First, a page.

How to Know What Kind of Swimsuit to Wear

Outdoor shot of smiling young female model in bikini standing against blue sky.

A good workman might never blame his tools, but the right tools sure can help you get the job done faster and better. Whether you are a novice or a wonder in the water, there is such a thing as the wrong swimsuit for the activity you are doing. From drysuits to wetsuits and everything in between, here is a guide to choosing the best training suits for swimming.


Traditional Workout Swimsuit

What traditional suits may lack in flash, they make up for in comfort. These fairly modest one-pieces are made of forgiving fabric that allows stretch and durability. Their extra coverage and thicker straps mean better support. They are used for lap swimming, open water swimming, racing, diving, water aerobics, and aqua jogging.

Minimalist Workout Swimsuit

Minimalist workout suits could be considered the hipper version of a traditional suit, portraying sleeker silhouettes with skinny straps, back cut-outs, and high-cut legs. This open style may lead to fewer tan lines, but it does create drag, which is why they are not usually worn for competitions. They are more commonly used by divers and outdoor, lap, or open water swimmers. Many swimmers will go one size smaller in a minimalist suit for a tighter fit.

Workout Bikini

Workout bikinis are the most revealing, and options are versatile. They are designed specifically for hydrodynamics (i.e. they will stay on for the duration of the workout), but certain styles are built to accommodate certain body types and preferences. Thick straps and more coverage equate to greater support, and bottoms with drawstring waistbands will stay put during dives and push-offs. Workout bikinis are mostly used for lap swimming and aqua jogging.


Swimskins are a viable option for competitions as many do not allow wetsuits. They are made from Lycra or spandex and have a slick outer coating that helps reduce drag. They are fast in the water but do not provide insulation or buoyancy like wetsuits.


When it comes to wetsuits, what it boils down to is extended buoyancy, speed, and warmth. Therefore, it may not necessarily be easier to swim in a wetsuit, but it could enhance your performance. Wetsuits are made with naturally buoyant neoprene rubber, helping swimmers stay higher in the water, prevent drag, and increase speed. However, different kinds are made for different activities including surfing, scuba diving, jet skiing, and swimming. For example, many triathlon wetsuits are made with Yamamoto neoprene rubber, which is more stretchy, lighter, and more buoyant.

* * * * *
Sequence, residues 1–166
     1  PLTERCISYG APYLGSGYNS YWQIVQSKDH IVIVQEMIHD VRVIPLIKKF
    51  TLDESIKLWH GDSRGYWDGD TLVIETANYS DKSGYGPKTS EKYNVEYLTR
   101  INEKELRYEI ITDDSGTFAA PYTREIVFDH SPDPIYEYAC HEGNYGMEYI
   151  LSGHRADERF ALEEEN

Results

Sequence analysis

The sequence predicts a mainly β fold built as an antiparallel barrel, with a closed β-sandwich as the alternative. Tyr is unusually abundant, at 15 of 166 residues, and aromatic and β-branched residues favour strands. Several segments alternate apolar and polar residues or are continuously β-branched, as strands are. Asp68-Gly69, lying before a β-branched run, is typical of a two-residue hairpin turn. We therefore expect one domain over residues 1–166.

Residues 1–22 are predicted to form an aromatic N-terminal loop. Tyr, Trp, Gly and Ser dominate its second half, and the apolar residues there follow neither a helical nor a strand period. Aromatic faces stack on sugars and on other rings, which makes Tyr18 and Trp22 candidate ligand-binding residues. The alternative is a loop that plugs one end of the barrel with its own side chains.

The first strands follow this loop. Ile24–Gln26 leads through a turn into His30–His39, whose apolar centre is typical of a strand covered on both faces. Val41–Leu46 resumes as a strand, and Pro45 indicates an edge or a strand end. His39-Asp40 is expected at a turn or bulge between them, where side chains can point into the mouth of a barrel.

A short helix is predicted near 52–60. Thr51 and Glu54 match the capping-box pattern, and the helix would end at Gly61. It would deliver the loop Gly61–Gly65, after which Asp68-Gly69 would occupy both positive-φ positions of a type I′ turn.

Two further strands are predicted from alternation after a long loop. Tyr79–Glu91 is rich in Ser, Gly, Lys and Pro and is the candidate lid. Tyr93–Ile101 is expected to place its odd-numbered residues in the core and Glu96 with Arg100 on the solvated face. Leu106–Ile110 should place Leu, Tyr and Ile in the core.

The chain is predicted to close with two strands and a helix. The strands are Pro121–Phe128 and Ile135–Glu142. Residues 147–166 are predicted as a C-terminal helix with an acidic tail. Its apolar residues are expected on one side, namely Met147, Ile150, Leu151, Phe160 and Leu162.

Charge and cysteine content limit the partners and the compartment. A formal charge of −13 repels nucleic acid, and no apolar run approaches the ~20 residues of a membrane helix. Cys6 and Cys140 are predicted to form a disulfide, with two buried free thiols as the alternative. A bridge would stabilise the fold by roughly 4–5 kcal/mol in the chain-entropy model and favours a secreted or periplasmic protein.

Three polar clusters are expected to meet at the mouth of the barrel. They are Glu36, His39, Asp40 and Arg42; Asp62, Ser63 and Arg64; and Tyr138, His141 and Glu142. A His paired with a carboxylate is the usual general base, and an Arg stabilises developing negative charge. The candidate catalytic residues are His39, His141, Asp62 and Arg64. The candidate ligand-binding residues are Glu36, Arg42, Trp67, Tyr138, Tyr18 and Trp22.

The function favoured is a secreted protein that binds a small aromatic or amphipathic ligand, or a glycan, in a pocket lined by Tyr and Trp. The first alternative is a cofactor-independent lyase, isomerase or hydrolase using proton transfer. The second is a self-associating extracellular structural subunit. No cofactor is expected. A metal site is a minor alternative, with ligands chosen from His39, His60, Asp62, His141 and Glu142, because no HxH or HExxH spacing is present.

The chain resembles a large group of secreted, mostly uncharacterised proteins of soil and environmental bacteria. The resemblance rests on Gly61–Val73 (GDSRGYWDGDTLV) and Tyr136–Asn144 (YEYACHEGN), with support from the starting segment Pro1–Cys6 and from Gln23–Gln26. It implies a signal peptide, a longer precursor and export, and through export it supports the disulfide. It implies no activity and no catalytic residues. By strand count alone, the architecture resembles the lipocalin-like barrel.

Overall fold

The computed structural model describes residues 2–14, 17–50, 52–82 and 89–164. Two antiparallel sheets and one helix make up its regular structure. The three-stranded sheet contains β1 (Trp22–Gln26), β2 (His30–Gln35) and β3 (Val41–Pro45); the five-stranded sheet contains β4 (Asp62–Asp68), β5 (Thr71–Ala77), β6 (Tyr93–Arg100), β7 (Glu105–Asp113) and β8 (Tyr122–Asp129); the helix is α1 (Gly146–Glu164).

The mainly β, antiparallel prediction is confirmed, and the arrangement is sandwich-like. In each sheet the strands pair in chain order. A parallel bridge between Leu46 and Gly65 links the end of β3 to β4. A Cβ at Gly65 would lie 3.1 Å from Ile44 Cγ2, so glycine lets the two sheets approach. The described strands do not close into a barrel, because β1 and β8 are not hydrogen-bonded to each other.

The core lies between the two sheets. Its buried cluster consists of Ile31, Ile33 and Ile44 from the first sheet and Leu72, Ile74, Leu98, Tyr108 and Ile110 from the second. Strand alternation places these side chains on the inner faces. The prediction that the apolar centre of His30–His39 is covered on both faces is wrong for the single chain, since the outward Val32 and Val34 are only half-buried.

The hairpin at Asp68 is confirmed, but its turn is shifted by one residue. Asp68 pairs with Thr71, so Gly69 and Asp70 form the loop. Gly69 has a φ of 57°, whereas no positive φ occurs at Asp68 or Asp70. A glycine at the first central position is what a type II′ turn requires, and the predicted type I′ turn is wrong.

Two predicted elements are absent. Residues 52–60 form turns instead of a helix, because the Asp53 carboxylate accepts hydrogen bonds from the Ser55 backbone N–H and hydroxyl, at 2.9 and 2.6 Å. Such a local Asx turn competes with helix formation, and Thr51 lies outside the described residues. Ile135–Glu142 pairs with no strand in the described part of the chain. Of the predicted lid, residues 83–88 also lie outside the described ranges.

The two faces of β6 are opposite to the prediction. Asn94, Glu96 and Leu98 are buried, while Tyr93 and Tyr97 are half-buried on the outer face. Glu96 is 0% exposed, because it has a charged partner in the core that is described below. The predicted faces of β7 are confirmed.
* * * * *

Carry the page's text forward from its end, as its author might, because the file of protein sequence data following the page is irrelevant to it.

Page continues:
Wetsuits are mostly used for triathlons or competitions. Some are for specific purposes and offer specific benefits. Be aware of these prior to purchasing, and always make sure it fits just right. The wrong wetsuit, or an ill-fitting one, can do more harm than good.

Wetsuit vs. Drysuit

Wearing a wetsuit may require adjusting certain areas of your stroke. Here are a few key differences you will see in wetsuit versus drysuit swimming.


Because wetsuits provide extra lift in the water, swimmers will stop or slow their kick. With a drysuit on, your body position in the water will generally be lower, meaning your kick is essential in gaining speed and position. The kick gives propulsion, lift, and balance to the stroke, and more forward momentum when you go to breathe.

Body Position – Buoyancy

When converting to open water swimming, even the most competent lane swimmers will experience drag with a wetsuit on. They are not accustomed to the buoyancy of the wetsuit and do not know how to compensate for it. Their chest will lift higher, almost creating an arch in their back as they swim, and resistance will increase and slow them down.

Body Position – Core

Swimmers often disengage their core once their wetsuit is zipped up. The core is used to stabilize body position, but is no longer needed due to the wetsuit’s buoyancy. This causes easy displacement from arm stroke and water movement, and weaker core posture means you are taking more strokes to cover less ground. Think of your arm entry into the water as an anchor point for your core; you have to push and pull your core up to that point. If it is engaged, you will be able to effectively pull forward.

Arm Recovery

High-end wetsuits are made with more panels for an increased range of motion. Cheaper wetsuits offering fewer commodities might result in arm fatigue during the recovery part of your stroke. If your wetsuit does not allow for big motions, you’ll have a lower shoulder position and more drag. No wetsuit means no resistance on shoulder motion at all, which comes as a trade-off for buoyancy.

Once you’ve done a little research and have chosen your perfect practice suit, put it to good use and sign up for classes with SwimJim!